Laird said Trafford doesn't deserve to lose Daykon's talents.
“That was the best move I ever made on council, to put John in charge to get this budget under control in Trafford,” he said.
Penn Township establishes fire tax
The all-Republican board of commissioners in Penn Township prides itself on keeping spending in check and avoiding tax increases.
Until this month, officials held the property-tax rate steady since 2006 — and the change for that year was a 0.25-mill decrease.
But commissioners saw a compelling reason to impose the first property-tax increase in nine years: guaranteed funding for the township's five volunteer fire companies.
Local firefighters say it's getting harder to recruit and retain volunteers, keep up with training and make time for fundraising because of work commitments.
In July, Claridge Assistant Fire Chief Michael Seice testified before the state House Majority Policy Committee that only 10 of the department's 76 active members regularly are available to answer calls. During some times of the day, only three or four might be available to respond, he said.
Commissioners reacted on Dec. 17 by passing a 1-mill fire tax, which raises property tax rates to 14.7 mills. The tax will provide an estimated $48,500 per year for each of the companies.
Commissioner Chuck Horvat said he was familiar with reports of declining volunteerism statewide and is concerned the trend could lead to the township having to pay professional firefighters if the volunteer forces are unable to provide fire protection.
“That is, in my opinion, a little bit more costly than what we have now,” Horvat said. “I believe, after all this research and study, that this was best for the firefighters and the citizens of the township.”
With the creation of the fire tax, commissioners will be able to divert another $208,000 in the 2013 for road projects, Horvat said.
Library staves off potential closure
The circumstances looked bleak for the Trafford Community Public Library in late September.
The librarian was laid off, the nonprofit organization was down to a couple of hundred dollars in its operating fund and the board president said the library might have to close unless borough council or board members found new funding.
After two tenuous months in which volunteers kept the library running with shortened hours, help came in the form of a grant from the Pittsburgh-based Eden Hall Foundation, whose executive director Sylvia Hall Fields is a Trafford native.
Though library board president Tom Puckey declined to reveal the amount of the grant, he said the funding will help pull the library through the early months of 2013 as the board works on a long-term path to sustainability despite declining state grants.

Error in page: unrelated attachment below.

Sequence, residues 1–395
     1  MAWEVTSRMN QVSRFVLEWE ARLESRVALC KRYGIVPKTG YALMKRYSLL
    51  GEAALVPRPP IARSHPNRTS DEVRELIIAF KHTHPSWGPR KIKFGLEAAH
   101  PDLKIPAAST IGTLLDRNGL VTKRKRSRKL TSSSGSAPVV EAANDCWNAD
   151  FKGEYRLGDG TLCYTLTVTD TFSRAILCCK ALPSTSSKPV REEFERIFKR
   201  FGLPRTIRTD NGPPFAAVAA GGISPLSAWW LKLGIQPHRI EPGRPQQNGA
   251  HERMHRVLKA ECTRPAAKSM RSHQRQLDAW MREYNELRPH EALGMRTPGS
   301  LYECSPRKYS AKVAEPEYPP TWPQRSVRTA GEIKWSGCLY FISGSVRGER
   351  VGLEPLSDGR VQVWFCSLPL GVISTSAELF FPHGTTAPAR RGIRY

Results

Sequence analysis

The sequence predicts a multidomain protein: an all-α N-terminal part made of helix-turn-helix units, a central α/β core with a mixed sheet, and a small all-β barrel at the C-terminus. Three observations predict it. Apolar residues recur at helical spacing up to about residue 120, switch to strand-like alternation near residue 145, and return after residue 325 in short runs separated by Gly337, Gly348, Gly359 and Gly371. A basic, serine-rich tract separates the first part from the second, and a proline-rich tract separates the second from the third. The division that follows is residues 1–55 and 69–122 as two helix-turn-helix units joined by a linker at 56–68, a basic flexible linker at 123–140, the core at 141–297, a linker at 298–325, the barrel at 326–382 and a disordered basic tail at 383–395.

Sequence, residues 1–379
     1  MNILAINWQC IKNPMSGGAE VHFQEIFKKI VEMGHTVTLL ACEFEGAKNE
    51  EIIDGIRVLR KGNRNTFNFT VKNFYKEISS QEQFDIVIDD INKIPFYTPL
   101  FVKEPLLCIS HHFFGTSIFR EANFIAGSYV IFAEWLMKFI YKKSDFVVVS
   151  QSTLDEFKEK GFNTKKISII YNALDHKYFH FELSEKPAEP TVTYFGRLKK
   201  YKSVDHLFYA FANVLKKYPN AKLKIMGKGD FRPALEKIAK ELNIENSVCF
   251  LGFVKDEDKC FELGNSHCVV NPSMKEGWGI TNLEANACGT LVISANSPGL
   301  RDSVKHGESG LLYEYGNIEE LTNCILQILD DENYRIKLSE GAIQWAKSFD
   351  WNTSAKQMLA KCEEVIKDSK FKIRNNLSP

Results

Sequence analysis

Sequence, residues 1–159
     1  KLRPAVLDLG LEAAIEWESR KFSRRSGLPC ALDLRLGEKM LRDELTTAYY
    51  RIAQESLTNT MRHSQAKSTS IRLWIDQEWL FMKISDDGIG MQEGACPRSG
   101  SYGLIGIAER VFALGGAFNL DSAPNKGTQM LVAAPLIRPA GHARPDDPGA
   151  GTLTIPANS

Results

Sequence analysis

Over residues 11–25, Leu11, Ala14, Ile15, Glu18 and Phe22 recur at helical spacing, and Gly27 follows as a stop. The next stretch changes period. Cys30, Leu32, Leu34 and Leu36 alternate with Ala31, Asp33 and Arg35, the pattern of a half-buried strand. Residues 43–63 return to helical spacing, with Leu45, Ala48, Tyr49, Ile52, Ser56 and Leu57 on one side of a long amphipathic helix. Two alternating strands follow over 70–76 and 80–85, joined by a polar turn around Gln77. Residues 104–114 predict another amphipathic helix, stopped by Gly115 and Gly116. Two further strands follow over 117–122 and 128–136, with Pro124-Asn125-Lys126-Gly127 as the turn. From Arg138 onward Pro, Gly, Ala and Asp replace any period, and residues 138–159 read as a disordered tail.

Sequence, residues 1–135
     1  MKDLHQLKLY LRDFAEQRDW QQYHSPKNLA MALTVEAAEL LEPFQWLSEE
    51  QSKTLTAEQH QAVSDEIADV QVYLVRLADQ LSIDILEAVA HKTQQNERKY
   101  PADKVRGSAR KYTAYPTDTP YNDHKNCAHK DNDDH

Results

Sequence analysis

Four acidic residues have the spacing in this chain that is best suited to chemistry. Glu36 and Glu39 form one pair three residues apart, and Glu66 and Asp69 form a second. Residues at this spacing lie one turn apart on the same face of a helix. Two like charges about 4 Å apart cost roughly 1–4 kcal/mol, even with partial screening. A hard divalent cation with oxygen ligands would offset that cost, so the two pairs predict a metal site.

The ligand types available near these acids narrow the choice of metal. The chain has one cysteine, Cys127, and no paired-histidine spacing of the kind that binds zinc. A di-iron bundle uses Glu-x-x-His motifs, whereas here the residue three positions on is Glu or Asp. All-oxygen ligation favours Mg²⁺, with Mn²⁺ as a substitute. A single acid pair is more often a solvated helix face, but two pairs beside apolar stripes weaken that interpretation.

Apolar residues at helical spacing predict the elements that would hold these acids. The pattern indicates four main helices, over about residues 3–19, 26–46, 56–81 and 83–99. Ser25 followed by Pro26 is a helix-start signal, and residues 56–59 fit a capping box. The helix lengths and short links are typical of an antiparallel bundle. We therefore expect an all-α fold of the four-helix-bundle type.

More support came last week from Trafford Council, which agreed to pay the $1,000 grant it initially reserved in the 2012 budget for the library. Council previously added the library to its Internet and phone plans to help it save money.
“That's going to be a big help to close out the year,” Puckey said.
The borough grant appeared to be in jeopardy in September, before council solidified borough finances. At that point, Puckey told officials the library might need the money to pay off bills in anticipation of potentially shuttering the library.
Library officials also have requested a $5,000 grant for operating expenses in 2013, but council members said community organizations must specify a project to be eligible for funding.
P-T gets funding for school renovation
The Penn-Trafford School Board started the process for renovating 40-year-old Penn-Trafford High School for another generation or two of students.
The board in November approved the borrowing of $9.5 million toward what is estimated to be a $30 million project to update the school. The last major renovation at the school was 16 years ago.
Officials sought the first round of financing in spite of a moratorium on project reimbursements through the state Department of Education. Board members also might pursue more funding in the spring while interest rates are at historically low levels.
Superintendent Thomas Butler has said a design might be in place by next summer so community members can review the plans. Construction could begin as soon as the summer of 2014.
Chris Foreman is a staff writer for Trib Total Media. He can be reached at 412-856-7400 ext. 8671 or email@example.com.